Manushi said while there’s a lot that can happen if all political parties prioritise menstrual hygiene in their manifestos, but it’s not about “just politicians”.
“Every individual has a social responsibility. That can push for change in the society,” Manushi told the media.
Se reminded how when she visited her home state Haryana after her victory at the beauty pageant, Haryana Chief Minister Manohar Lal Khattar had announced to arrange for the free supply of sanitary napkins to girls in state schools.
However, Manushi feels these are short-term arrangements. Her vision is to be able to develop a “sustainable system” of manufacturing, selling and buying.
A cause close to her heart, creating awareness on menstrual hygiene was a social project presented by Manushi at the Miss World contest. It also won her the Beauty with a Purpose title.
Taking it forward globally, Manushi is moving city-to-city and country-to-country spreading the message that ‘Freedom From Shame’ of menstruation is essential for healthy and happier women.
She was accompanied by Julia Morley, Chairman and CEO, Miss World, former Miss World Stephanie Del Valle and six Miss World Continental winners — from England, Mexico, Kenya, Korea, Jamaica and New Zealand — here.
Also on the dias was Jaydeep Mandal, Founder Director, Aakar Innovations, which produces affordable, iodegradable and compostable sanitary napkins.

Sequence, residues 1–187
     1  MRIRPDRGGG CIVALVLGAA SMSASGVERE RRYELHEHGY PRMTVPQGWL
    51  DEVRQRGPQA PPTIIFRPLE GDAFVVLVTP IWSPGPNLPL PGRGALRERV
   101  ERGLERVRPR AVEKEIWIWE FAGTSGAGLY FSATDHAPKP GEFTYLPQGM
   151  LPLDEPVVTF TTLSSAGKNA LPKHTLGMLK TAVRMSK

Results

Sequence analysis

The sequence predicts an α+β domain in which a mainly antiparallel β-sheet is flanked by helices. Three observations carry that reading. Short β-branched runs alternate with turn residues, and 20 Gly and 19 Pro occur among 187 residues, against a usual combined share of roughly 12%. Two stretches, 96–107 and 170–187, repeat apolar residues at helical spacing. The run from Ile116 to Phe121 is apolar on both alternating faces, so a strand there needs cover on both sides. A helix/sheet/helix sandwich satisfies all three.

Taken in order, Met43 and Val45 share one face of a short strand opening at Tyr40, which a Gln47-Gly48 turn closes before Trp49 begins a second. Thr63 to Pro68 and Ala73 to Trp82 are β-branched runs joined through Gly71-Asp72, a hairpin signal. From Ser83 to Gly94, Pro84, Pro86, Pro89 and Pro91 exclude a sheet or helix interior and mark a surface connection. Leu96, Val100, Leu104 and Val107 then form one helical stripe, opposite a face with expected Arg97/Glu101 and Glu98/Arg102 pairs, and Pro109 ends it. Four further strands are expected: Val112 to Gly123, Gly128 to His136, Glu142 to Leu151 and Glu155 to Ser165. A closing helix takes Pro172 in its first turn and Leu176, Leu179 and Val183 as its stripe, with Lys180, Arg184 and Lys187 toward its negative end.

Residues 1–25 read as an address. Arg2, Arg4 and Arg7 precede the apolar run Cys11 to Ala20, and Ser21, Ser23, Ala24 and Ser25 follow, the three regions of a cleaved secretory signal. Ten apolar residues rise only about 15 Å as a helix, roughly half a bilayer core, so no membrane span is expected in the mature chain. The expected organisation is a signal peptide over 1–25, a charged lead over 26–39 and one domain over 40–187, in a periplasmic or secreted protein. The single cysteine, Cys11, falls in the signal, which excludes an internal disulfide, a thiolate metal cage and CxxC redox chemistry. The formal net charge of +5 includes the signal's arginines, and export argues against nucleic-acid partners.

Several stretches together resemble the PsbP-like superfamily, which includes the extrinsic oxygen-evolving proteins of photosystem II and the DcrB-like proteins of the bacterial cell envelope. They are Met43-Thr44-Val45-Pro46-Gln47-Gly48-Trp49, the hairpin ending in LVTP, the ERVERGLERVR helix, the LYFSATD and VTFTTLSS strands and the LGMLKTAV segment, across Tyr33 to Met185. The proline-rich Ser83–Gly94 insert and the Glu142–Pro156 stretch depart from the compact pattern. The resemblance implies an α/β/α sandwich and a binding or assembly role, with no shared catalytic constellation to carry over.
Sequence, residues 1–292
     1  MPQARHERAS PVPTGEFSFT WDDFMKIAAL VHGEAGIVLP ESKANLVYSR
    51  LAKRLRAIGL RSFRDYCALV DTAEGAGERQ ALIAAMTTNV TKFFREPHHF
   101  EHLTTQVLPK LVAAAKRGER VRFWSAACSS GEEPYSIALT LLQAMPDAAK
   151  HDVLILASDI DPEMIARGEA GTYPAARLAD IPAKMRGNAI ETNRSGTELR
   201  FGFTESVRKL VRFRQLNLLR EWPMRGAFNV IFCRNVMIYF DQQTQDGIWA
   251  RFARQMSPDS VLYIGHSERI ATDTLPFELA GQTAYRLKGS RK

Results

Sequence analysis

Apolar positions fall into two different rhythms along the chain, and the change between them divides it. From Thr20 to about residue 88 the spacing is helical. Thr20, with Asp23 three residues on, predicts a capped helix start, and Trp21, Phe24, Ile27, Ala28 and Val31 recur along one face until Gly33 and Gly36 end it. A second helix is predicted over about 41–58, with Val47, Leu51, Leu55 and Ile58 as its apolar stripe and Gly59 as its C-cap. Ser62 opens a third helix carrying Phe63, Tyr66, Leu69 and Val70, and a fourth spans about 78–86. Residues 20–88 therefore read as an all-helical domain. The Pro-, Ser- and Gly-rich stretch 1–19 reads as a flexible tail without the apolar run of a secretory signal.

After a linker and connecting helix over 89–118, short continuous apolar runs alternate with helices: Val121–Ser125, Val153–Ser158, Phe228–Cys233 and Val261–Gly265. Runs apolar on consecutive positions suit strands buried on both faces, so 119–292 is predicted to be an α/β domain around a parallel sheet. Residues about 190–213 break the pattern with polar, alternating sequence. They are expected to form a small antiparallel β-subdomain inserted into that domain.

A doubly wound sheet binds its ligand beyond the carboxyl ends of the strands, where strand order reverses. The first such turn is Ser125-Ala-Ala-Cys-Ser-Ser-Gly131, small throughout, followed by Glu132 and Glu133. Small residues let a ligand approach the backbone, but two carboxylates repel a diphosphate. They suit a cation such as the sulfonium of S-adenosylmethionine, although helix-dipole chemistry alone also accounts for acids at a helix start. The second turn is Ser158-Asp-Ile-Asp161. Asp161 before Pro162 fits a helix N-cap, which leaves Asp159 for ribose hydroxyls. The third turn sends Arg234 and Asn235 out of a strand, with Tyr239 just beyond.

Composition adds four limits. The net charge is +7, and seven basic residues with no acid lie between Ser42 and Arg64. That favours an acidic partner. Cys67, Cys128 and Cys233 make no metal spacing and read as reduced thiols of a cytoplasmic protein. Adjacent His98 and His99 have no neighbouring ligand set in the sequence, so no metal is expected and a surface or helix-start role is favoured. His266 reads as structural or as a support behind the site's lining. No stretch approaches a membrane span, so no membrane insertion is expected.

Mandal wants the government to reconsider the 12 per cent tax imposed on sanitary napkins.
“It is double the tax which was there earlier… At least for compostable and green products there should be no tax. This is something unique we are doing,” he said.
Mandal’s company is also fighting to destigmatise menstruation in rural India. He said they try and educate men about the importance of menstruation as many of them are not even aware of its role in family planning.
But as Valle, the Miss World 2016, put it: “Feminine hygiene is very important as not will it eventually create life, but also make women happier and healthier.”
Beauty queens from Kenya, Korea and Jamaica said the stigma around menstruation is a global problem, and they are confident that initiatives such as the world tour will bring about a change.